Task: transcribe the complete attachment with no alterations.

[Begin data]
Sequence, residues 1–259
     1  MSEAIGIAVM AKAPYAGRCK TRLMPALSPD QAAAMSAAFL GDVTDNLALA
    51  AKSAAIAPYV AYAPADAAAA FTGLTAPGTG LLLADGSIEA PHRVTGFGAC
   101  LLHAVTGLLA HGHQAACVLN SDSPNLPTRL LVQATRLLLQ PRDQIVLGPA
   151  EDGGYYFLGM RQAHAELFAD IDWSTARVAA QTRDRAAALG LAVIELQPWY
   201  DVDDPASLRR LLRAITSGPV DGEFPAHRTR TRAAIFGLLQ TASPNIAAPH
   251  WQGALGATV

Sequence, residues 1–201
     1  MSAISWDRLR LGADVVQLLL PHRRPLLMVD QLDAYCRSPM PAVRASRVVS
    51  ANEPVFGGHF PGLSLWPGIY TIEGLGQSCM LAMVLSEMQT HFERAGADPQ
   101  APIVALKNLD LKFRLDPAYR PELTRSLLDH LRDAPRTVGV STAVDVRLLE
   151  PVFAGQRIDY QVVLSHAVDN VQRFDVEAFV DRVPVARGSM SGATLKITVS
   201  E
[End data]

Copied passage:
Sequence, residues 1–259
     1  MSEAIGIAVM AKAPYAGRCK TRLMPALSPD QAAAMSAAFL GDVTDNLALA
    51  AKSAAIAPYV AYAPADAAAA FTGLTAPGTG LLLADGSIEA PHRVTGFGAC
   101  LLHAVTGLLA HGHQAACVLN SDSPNLPTRL LVQATRLLLQ PRDQIVLGPA
   151  EDGGYYFLGM RQAHAELFAD IDWSTARVAA QTRDRAAALG LAVIELQPWY
   201  DVDDPASLRR LLRAITSGPV DGEFPAHRTR TRAAIFGLLQ TASPNIAAPH
   251  WQGALGATV

Sequence, residues 1–201
     1  MSAISWDRLR LGADVVQLLL PHRRPLLMVD QLDAYCRSPM PAVRASRVVS
    51  ANEPVFGGHF PGLSLWPGIY TIEGLGQSCM LAMVLSEMQT HFERAGADPQ
   101  APIVALKNLD LKFRLDPAYR PELTRSLLDH LRDAPRTVGV STAVDVRLLE
   151  PVFAGQRIDY QVVLSHAVDN VQRFDVEAFV DRVPVARGSM SGATLKITVS
   201  E